Thursday, 29 September 2022
Thursday 29th September
Wednesday, 28 September 2022
Wednesday 28th September
An immature Ring-necked Duck was an unexpected 305th bird for the Warren, especially as there have only been five records of Tufted Duck in the last two years. It was found early morning in Shutterton Creek but it flew up the estuary whilst news was still being put out. It was then found at the extreme north end of the estuary at Topsham Rec 40 minutes later (where this photo was taken) before heading south back down river after a few minutes.
Although the duck was the clear highlight, the day kept delivering with the ringed juvenile Osprey again present and a Little Stint in the Bight. The Osprey and regular immature female Peregrine kept the site clear of most waders at high tide with just a handful of Oystercatcher present along with 25 Dunlin,18 Ringed Plover, 14 Sanderling and a Grey Plover. The Oystercatcher roosted over at Sandy Bay, the smaller waders on the seawall north of Cockwood.
Also in the estuary 570 Wigeon, 14 Dark-bellied Brent Geese, 12 Sandwich Tern and a Great Crested Grebe, with 54 Balearic Shearwater and three Mediterranean Gull amongst over 1000 gulls feeding on Sprat off Warren Point. Also offshore a Red-throated Diver and earlier 27 Balearic Shearwater south.
Elsewhere a Wryneck around the Entrance Bushes was another surprise find, with the last sighting eight days ago it is likely this is a second bird but it quickly went to ground and single Wheatear, Whitethroat and a few Chiffchaff were the only other new migrants.
Overhead two Yellow and Grey Wagtail, c20 Meadow Pipit, 55 House Martin, 15 Linnet, 10 Swallow, three Rook and a Chaffinch. Most passage was too high or out over the bay, pushed offshore by the wind.
Wildlife News: A Clouded Yellow and a few Red Admiral were on the wing but other butterflies were limited to single Small Copper, Speckled Wood, Large and a few Small White. Another migrant, a White-clubbed Glasswing Scaeva pyrastri was amongst today's ten hoverfly species.
Also on the wing Ivy Bee remain in numbers around a small clump on ivy by Langstone Rock, also there Looped Flutter-fly Palloptera mulibris and the beetle Opatrum sabulosum.
Tuesday, 27 September 2022
Tuesday 27th September
In the estuary a large increase in Wigeon with 970 roosting in Shutterton Creek along with 130 Canada, a Barnacle and a Snow Goose. In the Bight the first Pale-bellied Brent of the autumn was with 40 Dark-bellied Brent Geese with 76 Ringed Plover, 49 Dunlin, nine Greenshank, four Turnstone and a Whimbrel.
Earlier a new juvenile Osprey was in the estuary, with 12 Chiffchaff and a Wheatear on site and three Balearic Shearwater and a Red-throated Diver offshore.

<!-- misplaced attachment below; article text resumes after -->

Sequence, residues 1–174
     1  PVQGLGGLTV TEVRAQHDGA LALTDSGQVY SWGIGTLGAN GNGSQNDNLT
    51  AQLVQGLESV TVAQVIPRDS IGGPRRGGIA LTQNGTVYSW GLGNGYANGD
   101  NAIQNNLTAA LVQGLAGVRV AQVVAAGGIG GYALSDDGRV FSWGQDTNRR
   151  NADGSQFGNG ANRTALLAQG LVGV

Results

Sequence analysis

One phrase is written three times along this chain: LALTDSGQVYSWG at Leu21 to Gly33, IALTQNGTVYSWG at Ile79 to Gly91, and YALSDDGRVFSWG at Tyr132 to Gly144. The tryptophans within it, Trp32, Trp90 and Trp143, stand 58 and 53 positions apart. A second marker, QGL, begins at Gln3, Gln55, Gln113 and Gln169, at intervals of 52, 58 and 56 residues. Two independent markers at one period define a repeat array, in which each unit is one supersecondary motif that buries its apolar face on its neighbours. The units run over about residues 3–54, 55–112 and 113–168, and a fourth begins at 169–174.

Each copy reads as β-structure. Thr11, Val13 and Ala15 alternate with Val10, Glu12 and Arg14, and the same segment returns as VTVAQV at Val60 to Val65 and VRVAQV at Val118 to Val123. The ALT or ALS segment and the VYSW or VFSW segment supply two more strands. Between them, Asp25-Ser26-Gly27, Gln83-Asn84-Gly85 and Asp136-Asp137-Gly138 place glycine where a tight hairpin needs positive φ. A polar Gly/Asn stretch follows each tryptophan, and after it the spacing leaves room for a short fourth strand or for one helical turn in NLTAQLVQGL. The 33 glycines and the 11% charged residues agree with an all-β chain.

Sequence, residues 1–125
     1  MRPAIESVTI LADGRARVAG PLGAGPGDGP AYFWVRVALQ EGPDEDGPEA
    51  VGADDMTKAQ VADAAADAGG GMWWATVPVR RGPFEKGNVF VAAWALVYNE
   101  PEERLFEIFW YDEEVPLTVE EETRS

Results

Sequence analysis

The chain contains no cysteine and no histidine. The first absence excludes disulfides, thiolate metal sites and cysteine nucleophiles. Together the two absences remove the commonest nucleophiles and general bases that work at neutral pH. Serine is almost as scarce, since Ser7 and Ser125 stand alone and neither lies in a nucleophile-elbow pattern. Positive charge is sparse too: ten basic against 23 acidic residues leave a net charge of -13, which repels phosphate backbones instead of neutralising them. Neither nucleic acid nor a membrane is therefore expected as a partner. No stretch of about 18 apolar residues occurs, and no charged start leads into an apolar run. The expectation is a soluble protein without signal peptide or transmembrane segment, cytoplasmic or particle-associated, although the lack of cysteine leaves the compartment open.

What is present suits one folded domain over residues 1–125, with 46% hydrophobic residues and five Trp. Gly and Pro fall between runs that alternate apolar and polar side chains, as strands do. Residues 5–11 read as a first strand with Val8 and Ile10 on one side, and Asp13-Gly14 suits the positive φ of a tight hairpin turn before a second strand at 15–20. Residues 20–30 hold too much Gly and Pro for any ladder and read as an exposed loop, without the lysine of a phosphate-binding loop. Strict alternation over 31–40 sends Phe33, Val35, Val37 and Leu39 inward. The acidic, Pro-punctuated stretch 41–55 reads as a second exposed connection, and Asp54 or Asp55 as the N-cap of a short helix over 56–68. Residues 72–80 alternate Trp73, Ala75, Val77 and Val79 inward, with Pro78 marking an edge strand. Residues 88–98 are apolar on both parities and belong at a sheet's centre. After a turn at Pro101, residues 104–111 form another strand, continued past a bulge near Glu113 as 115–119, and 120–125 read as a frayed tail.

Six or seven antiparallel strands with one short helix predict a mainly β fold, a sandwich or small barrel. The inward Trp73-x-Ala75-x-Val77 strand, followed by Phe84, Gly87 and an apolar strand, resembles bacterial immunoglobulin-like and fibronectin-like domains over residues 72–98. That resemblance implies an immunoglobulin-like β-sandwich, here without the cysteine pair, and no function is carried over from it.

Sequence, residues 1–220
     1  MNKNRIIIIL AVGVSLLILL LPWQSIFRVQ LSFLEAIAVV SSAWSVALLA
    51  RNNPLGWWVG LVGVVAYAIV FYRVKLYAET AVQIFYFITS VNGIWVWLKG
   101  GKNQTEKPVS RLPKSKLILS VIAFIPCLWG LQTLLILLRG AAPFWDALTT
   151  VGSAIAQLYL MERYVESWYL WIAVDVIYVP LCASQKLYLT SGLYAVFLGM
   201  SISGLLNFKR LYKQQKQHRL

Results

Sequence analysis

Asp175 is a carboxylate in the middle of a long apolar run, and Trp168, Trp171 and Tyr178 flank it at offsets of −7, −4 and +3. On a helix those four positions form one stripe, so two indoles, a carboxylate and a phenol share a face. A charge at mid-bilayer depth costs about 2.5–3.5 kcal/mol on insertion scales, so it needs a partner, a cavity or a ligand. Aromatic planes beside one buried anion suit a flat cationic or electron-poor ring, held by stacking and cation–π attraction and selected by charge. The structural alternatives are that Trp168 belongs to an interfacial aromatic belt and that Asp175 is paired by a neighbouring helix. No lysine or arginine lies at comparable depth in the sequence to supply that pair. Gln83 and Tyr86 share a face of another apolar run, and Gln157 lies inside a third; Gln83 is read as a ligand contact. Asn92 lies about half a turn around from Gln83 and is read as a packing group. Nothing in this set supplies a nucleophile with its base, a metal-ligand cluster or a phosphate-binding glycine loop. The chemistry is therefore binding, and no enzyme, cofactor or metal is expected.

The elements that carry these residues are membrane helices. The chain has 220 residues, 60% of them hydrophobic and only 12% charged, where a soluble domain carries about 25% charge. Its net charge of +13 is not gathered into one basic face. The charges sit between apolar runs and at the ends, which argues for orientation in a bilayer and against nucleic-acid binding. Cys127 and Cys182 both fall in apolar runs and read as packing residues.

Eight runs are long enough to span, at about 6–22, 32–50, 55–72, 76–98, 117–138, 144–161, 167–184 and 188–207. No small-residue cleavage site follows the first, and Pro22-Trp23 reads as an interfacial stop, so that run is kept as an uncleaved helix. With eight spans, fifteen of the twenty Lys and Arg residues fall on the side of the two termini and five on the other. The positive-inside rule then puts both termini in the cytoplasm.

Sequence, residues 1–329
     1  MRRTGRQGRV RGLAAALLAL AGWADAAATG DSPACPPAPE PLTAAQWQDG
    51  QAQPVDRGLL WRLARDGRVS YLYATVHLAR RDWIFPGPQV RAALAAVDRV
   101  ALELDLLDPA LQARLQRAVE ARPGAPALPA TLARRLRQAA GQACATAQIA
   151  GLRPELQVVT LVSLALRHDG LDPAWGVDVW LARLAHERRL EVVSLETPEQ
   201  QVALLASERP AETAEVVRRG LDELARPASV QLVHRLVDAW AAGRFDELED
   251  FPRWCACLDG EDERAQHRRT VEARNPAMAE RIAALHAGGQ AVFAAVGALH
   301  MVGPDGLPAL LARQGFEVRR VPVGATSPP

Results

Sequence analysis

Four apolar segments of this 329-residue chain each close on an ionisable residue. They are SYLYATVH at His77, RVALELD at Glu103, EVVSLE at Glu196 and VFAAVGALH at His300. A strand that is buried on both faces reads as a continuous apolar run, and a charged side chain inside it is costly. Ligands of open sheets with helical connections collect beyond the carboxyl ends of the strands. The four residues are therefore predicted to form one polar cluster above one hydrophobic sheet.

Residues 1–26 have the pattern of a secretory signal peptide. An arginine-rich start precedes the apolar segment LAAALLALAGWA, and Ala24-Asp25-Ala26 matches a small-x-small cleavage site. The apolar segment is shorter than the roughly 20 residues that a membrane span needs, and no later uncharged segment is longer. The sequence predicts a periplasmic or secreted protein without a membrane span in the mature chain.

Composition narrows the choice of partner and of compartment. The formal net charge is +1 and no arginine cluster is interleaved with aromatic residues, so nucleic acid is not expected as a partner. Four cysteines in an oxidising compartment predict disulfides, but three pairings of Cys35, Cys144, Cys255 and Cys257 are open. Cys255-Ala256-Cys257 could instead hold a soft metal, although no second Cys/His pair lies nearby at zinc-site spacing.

Osprey - Lee Collins
Monday, 26 September 2022
Monday 26th September
The usually unproductive northerlies delivered again with a very early Iceland Gull, an adult flew east across the estuary early morning, found while watching the continuing Osprey. The gull was the first since 2018 and only the second September record.
Counts over the high tide included 597 Teal, 387 Wigeon, 311 Redshank, 91 Ringed Plover, 80 Dark-bellied Brent Goose, 24 Sanderling, nine Greenshank, two Black-tailed Godwit, two Sandwich Tern and two Curlew Sandpiper.
Elsewhere a summer plumaged Red-throated Diver was offshore and a Wheatear was in the Bight.
Wildlife News: At Langstone Rock several Ivy Bee have found the only Ivy that is currently flowering on site, with a Red-legged Shieldbug and a late Pied Plumehorn Volucella pellucens.
Another Yellow-girdled Dasysyrphus D. tricinctus was along the track by the Main Pond with two Ivy Waspgrabber Leopoldius signatus. In the sheltered Skipper Meadow, three Field Digger Wasp Mellinus arvensis were on the hunt for flies one successfully catching a bluebottle.
Sunday, 25 September 2022
Sunday 25th September
Saturday, 24 September 2022
Saturday 24th September
Most of the activity came from the estuary with an increase in waders and wildfowl arriving on the northerly winds, amongst the latter a juvenile Scaup in Shutterton Creek, the first of the year.
Also present first thing the juvenile Osprey with counts including 880 Oystercatcher, 517 Teal, 387 Curlew, 342 Wigeon, 171 Dunlin, 103 Ringed and 17 Grey Plover, 41 Dark-bellied Brent Goose, 32 Sanderling, 25 Bar and two Black-tailed Godwit, eight Greenshank, four Curlew Sandpiper, four Sandwich Tern, four Knot, three adult Mediterranean Gull, two Kingfisher, a Pintail and a Little Stint.
Elsewhere two Water Rail were at the Main Pond; 70 Swallow, 22 Meadow Pipit, four Rook and a Sand Martin flew through with a Wheatear on the Golf Course and 14 Chiffchaff, six Blackcap and two Goldcrest on site. A Coal Tit made a brief visit from the mainland with nine Long-tailed Tit.
Wildlife News: A Vestal was on Warren Point with a Locust Blowfly in Greenland Lake another migrant, also on the wing the second site record of Yellow-girdled Dasysyphrus D. tricinctus, one of ten hoverflies species seen. These included Gossamer Hoverfly Baccha elongata and Yellow-barred Peat Hoverfly Sericomyia silentis.
A Grey Seal was in the estuary and the first Vervain Verbena officinalis for the Warren was found growing on the Golf Course.
Thursday, 22 September 2022
Thursday 22nd September
An adult Spoonbill low north over the seawall early morning was a great start, but seemed to be the only new arrival with the bushes holding 14 Chiffchaff, three Blackcap, a Whitethroat and a Reed Warbler.
In the estuary no sign of the Spoonbill but an Osprey was present late morning. Over the evening tide a juvenile Little Stint was with 112 Ringed Plover and 88 Dunlin in the Bight, with other counts including 328 Teal, 182 Wigeon, 178 Redshank, 31 Bar-tailed Godwit, 10 Sanderling, nine Greenshank, eight Sandwich Tern, five Mediterranean Gull, two Kingfisher and a Turnstone.
Wildlife News: A female Ectophasia crassipennis was seen by the Main Pond, this is the second Recording Area record for this rare tachinid fly, which was first recorded in the UK in 2019. Also nectaring on the abundant Michaelmas Daisy at least six species of hoverfly and a couple of late digger wasps, Common Ectemnius E. continuus and a Mournful Wasp Pempherdon lugubris. In Dead Dolphin Wood an Ivy Waspgrabber Leopoldius signatus was only the third site record.
Tuesday, 20 September 2022
Tuesday 20th September
The highlight was again a Wryneck, this time near the Visitor Centre, presumably the same bird as Sunday, but around 1.5km from its original location. A Redwing reported by the Golf Course was the earliest ever arrival, but other grounded migrants were limited to 16 Chiffchaff and four Blackcap. Overhead six Meadow Pipit, four Skylark, two Grey Wagtail and two Rook.
Elsewhere 316 Curlew, 166 Redshank, 48 Sandwich Tern and two Grey Plover were in the estuary, 15 Sanderling were on the beach and a Kingfisher was at the Main Pond.